Readin said...

I don't think you are fair for attacking Lu for his heritage and family ties to the KMT...Furthermore, there is quite a diversity of views among the mainlander community in Taiwan itself, not to mention Taiwanese who have immigrated.

Sadly, living here in the U.S. I have found a person's views on Taiwan to be a very reliable indicator of their family background. If they support TI, they're family is Taiwanese. If they oppose it, their family came from China. If they're ambivalent, their family is mixed.

A couple years ago I thought I had found an exception. I met a young man who referred to a Taiwanese person as "Chinese". I corrected and said "Taiwanese". His was response was to say rather smugly "She's Chinese." I knew he was from Taiwan and I said his parents must have been born in China. He said "nope". I was shocked and confused! How could it be?!? Then I remembered his young age and said "your grandparents?". He had to admit that yes, his grandparents were from China.

Marc said...

Ma's thesis...contains over 1,000 errors...

As an instructor in graduate-level academic writing, I have a few thoughts:

My little New England college required every dot and dash to be correct in my thesis. I had to redraft it 8 times.

But it's possible to find substandard work even in top unis. This simply translates into lower marks, and/or not getting published, etc. For these students, they passed under the wire. Happens everywhere.

Most students who are interested in receiving the highest mark/honors will submit papers that meet the exact standards of their uni. Most PhD candidates I've worked with and know hire an editor to look over the final draft of their dissertation to accomplish this.

(Don't forget this little exchange at the end of the Jerome Cohen interview with Ma at Harvard in 2006:

JC: Well, next month President Hu Jintao comes to America. I hope he will be subjected to the kind of questioning Mayor Ma got today, and I hope he will do as well. I give him an A-plus.

MA: You didn’t give me A-plus when I was in Harvard.)

Non-native speakers are just as capable of submitting a high standard paper as a native speaker. I don't buy the idea that non-native speakers can't accomplish this, one way or another.

Anonymous said...

The usual practice for academics publishing in languages in which they are not entirely comfortable (often English), is to have a copy-editor / English polisher go over it. Not to have done this for a dissertation is just lazy.

Taiwan Echo said...

Marc: "My little New England college required every dot and dash to be correct in my thesis. I had to redraft it 8 times."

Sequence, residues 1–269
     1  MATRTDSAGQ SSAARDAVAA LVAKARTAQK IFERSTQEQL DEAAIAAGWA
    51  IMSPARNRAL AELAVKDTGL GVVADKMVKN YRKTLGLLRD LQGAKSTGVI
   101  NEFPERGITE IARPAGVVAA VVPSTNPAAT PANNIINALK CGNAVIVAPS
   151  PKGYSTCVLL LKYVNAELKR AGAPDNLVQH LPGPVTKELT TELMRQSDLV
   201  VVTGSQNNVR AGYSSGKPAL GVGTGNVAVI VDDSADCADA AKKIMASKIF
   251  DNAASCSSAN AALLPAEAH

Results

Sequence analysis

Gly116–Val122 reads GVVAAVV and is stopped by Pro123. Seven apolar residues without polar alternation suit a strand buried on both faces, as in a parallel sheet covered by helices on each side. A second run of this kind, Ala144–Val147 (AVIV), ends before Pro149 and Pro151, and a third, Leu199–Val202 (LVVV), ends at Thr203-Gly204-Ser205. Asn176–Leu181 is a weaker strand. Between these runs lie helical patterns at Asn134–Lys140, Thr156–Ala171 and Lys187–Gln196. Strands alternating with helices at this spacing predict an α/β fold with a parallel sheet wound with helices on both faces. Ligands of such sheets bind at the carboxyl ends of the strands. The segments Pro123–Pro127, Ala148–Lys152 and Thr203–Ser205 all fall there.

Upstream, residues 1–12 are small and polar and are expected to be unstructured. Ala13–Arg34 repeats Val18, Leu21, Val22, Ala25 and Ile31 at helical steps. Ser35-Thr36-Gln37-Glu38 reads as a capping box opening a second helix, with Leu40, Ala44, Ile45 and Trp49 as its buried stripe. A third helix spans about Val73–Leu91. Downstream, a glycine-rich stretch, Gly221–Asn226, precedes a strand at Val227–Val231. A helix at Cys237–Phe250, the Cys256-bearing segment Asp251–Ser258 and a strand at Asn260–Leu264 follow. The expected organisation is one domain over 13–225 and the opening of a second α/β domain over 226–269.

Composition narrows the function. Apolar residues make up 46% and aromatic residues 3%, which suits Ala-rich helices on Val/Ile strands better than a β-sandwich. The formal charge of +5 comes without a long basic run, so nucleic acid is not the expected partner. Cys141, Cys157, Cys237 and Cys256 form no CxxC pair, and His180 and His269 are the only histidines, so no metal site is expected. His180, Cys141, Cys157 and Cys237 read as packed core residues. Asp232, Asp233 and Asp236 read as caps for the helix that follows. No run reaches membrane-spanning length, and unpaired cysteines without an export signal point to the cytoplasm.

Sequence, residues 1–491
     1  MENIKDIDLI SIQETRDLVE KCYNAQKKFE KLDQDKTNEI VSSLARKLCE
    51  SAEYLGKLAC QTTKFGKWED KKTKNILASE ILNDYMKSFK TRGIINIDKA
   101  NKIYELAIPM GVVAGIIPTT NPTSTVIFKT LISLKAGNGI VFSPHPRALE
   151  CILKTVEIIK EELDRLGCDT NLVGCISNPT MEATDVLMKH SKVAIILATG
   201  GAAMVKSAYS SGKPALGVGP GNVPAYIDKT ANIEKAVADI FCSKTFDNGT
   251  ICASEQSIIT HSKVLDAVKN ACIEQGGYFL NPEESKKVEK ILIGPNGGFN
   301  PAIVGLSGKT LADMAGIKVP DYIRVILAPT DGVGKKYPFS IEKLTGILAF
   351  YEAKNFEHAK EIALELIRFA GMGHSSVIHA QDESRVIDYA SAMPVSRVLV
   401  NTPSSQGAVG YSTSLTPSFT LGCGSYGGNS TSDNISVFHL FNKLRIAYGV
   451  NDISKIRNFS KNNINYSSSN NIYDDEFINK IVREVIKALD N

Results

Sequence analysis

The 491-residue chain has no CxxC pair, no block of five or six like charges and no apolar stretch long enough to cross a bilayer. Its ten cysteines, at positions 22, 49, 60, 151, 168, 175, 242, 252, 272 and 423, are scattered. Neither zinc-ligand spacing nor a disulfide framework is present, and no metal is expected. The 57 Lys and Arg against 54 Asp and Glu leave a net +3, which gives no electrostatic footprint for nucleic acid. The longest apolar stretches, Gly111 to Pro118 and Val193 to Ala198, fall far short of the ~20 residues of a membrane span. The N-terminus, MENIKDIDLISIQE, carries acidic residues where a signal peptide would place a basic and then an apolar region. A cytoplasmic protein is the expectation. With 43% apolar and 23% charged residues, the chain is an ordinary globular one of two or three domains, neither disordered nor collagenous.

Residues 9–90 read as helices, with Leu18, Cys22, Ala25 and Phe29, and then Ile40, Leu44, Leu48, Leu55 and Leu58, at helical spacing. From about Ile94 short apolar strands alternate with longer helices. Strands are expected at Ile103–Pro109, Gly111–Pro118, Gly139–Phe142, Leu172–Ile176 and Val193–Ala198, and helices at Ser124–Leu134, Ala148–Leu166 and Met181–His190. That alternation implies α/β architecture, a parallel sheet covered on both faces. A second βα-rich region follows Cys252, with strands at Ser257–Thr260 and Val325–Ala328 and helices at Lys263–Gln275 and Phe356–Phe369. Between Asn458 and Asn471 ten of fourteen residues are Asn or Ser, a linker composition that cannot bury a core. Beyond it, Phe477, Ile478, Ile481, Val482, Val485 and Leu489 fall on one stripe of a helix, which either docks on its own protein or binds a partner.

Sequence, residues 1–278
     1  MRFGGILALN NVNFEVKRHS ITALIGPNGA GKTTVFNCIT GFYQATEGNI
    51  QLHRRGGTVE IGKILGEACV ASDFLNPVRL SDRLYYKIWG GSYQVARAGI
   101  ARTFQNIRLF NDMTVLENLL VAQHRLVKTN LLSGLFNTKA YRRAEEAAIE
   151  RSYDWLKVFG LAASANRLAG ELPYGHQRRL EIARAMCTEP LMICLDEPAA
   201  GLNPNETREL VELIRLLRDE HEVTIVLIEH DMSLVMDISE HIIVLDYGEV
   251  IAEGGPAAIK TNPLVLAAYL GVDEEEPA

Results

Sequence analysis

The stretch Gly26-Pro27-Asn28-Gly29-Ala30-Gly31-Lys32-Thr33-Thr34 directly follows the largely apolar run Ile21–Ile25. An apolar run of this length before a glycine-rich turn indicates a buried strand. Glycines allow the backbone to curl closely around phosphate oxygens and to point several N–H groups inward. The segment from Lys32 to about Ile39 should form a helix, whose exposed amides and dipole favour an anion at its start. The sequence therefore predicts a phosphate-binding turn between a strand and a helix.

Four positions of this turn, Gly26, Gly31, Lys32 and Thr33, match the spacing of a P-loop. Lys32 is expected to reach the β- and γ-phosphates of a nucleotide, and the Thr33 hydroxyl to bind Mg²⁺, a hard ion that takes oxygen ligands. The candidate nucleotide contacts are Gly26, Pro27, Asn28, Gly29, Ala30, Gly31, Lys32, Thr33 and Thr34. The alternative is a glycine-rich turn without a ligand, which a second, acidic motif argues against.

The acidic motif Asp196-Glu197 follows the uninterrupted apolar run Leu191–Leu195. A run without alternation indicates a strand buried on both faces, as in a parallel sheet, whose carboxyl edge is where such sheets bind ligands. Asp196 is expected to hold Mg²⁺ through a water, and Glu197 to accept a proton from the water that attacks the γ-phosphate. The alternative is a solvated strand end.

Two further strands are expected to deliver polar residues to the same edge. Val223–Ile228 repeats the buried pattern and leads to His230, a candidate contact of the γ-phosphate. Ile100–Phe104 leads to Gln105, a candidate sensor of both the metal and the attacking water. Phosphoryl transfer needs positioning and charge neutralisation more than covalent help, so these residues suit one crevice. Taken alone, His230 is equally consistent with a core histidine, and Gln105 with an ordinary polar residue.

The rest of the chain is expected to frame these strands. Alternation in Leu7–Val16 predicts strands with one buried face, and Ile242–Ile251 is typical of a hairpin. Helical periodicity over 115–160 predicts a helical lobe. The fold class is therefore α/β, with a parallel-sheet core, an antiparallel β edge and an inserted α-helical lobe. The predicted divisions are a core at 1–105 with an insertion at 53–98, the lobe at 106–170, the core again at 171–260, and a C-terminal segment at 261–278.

When I studied for my PhD (in USA), I was warned by my adviser that some professors will check the references of a thesis by carefully checking several randomly picked items. If they found more than 3 references having errors in any form, like typos, wrong page number, wrong year ... the thesis would be rejected.

It is therefore a shock for me to learn that Ma Ying-jeou could get a degree in Harvard with 1000 +errors in his thesis having.

If "no computer" can be an excuse for unchecked references, it would have been a disaster for researchers, because they would have to spend lots of time correcting the wrong references made by others.

Dixteel said...

ha...I have long suspected that there are something fishy about Harvard...

Michael Turton said...

Yeah, but Marc, the errors in the references are typos. I want to see the entire set of corrections.

Michael

Anonymous said...

Most of these spelling errors, stylistic errors, grammatical errors, referencing errors, and lack of fluency in his SJD dissertation would be a tempest in a teapot had Ma not puffed up his own English-speaking abilities, using his US education and Harvard degree to establish himself as a literate cosmopolitan, as opposed to that "country bumpkin" CSB. In that regard, this expose of his dissertation is an obvious case of schadenfreude.

It would have been more effective, though, during CSB's administration when a report with faulty English translation was hastily distributed, and with great fanfare, Ma complained about the lousy quality of English in the translation, if this examination of his own dissertation had been released then.

Anonymous said...

"though annexing Taiwan to China is almost certain to lead to war"

War between what parties?

Anonymous said...

As indicated in Michael's opinion of Mr. Lu, there is no future for "mainlanders" in a "Republic of Taiwan." That is why the ROC military views the resistence of TI as an act of self defense.

Michael Turton said...

No, what it shows is that if you support a policy of murdering Taiwanese to possess their island, you don't have my support.

Michael